• In one embodiment, input device 50 allows a user to interface with the monitor 12, such as via buttons of an operator interface, a keypad or keyboard, or a mouse or other selection mechanism for use with a provided control interface. For example, a user may input or select parameters specific to the patient undergoing monitoring or may specify a monitor protocol where multiple protocols are available. For example, different wavelengths or wavelength combinations and/or different light emission timing schemes or measurement cycle lengths may be utilized in different protocols. As a result, different protocols may be desirable depending on the placement of the physiological sensor 10 and/or the pulse sensor 8.
  • As noted above, in certain embodiments detected signals are passed from the pulse sensor 8 and the physiological sensor 10 to the monitor 12 for processing. In the depicted embodiment, the signals are amplified and filtered in the monitor 12 by respective amplifiers 32, 60 and filters 34, 62 respectively, before being converted to digital signals by an analog-to-digital converters 36, 64, respectively. The signals may then be used to determine an arterial pulse and a blood oxygen saturation (or other physiological parameter) based on the arterial pulse. The monitor 12 may be configured to display the calculated parameters, such as the measured blood oxygen saturation based on the detected arterial pulses, on display 74.
  • In one embodiment, light drive units 38, 66 in the monitor 12 control the timing of one or more of the emitters 22, 26, respectively. While the depicted embodiment discloses the use of a separate light drive 66, amplifier 60, filter 62, and analog-to-digital converter for the pulse sensor 8, in other embodiments one or more of these components may support both the pulse sensor 8 and the physiological sensor 10. In other words, in other embodiments, there may be only one light drive, amplifier, filter, and/or analog-to-digital converter that supports both the pulse sensor 8 and the physiological sensor 10.
  • The depicted embodiment also includes an encoder 68 provided in at least the physiological sensor 10. Such an embodiment may be desirable where the emitter 22 (such as two LEDs in a pulse oximetry implementation) is manufactured to operate at one or more certain wavelengths and where variances in the wavelengths actually emitted by the emitter 22 may occur which may result in inaccurate readings. To help avoid inaccurate readings, an encoder 68 and decoder 70 may be used to calibrate the monitor 12 to the actual wavelengths being generated. The encoder 68 may be a resistor, for example, whose value corresponds to coefficients stored in the monitor 12. The coefficients may then be used in the processing algorithms. Alternatively, the encoder 68 may also be a memory device, such as an EPROM, that stores information, such as the coefficients themselves. Once the coefficients are determined by the monitor 12, they may be utilized to calibrate the monitor 12. Though the encoder 68 is depicted in the physiological sensor 10, the encoder may, alternatively, be provided in a cable 14 in embodiments in which the physiological sensor 10 and cable 14 are not separable. Further, an encoder as described herein may also be utilized in the pulse sensor 8 to provide calibration information to the monitor 12 for use in the calculation of arterial pulses by the microprocessor 42.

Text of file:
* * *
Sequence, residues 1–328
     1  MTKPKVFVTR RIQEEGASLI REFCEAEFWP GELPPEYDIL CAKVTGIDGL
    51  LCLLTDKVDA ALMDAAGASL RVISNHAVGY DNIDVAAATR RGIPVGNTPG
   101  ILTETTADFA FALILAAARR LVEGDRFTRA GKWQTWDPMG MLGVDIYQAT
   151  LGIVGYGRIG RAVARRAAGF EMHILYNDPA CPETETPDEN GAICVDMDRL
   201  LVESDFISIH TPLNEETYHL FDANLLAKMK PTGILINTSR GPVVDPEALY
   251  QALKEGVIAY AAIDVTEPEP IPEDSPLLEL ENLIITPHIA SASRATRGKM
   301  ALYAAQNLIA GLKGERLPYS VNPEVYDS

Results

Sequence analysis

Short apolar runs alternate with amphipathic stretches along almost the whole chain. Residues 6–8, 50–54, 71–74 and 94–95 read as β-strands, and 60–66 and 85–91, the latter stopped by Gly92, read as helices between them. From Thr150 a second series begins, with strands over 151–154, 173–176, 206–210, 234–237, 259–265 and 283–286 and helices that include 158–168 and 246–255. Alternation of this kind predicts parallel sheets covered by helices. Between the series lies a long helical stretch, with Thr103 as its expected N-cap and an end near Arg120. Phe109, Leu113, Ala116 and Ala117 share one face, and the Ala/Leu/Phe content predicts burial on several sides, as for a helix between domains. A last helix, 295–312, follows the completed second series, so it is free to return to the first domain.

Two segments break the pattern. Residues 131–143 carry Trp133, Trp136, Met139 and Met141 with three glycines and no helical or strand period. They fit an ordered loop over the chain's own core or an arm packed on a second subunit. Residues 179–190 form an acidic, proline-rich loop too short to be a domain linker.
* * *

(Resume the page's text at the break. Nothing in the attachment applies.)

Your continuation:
• Turning now to FIG. 3, an embodiment is depicted where the physiological sensor 10 is configured as a transmission-type sensor. In this embodiment, the physiological sensor 10 may be configured to emit light from the emitter 22 through the tissue 40, such as the tissue of the finger or earlobe, toward the detector 24 positioned opposite the emitter 22 with respect to the tissue 40. Thus, in this embodiment, the detector 24 detects the light that has passed through the tissue as opposed to the light reflected by the tissue. Such an embodiment may be suitable for use where the pulse sensor 8 is utilized on or near tissue that is better suited for reflectance-type sensing, such as above the temporal artery or other suitable arteries, but where the physiological sensor 10 is utilized on or near tissue that is suitable for transmission-type sensing, such as fingers or earlobes.
  • Unlike FIGS. 2 and 3 which depict separate pulse and physiological sensors, FIGS. 4 and 5 depict embodiments where there is a common sensor package 80 that includes both the emitter 22 and detector 24 used for sensing the physiological characteristic of interest as well as the emitter 26 and detector 28 used for sensing arterial pulses. For example, the embodiment depicted in FIG. 4 includes a common sensor package 80 configured as a reflectance-type sensor. In this embodiment, a single sensor package is provided that is configured such that the emitter 22 and detector 24 used for sensing a physiological signal of interest can be positioned suitably, such as over perfused tissue in an oximetry implementation. In addition, the single sensor package is configured such that the emitter 26 and detector 28 used to detect arterial pulse can be positioned over a suitable artery 30. Such an embodiment may be suitable for placement on the head of a patient such that the emitter 26 and detector 28 may be positioned over the temporal artery while the emitter 22 and detector 24 may be positioned over the perfused tissue of the forehead. Indeed, the common sensor package 80 may be configured to facilitate alignment and/or positioning of the respective emitters and detectors in such an implementation.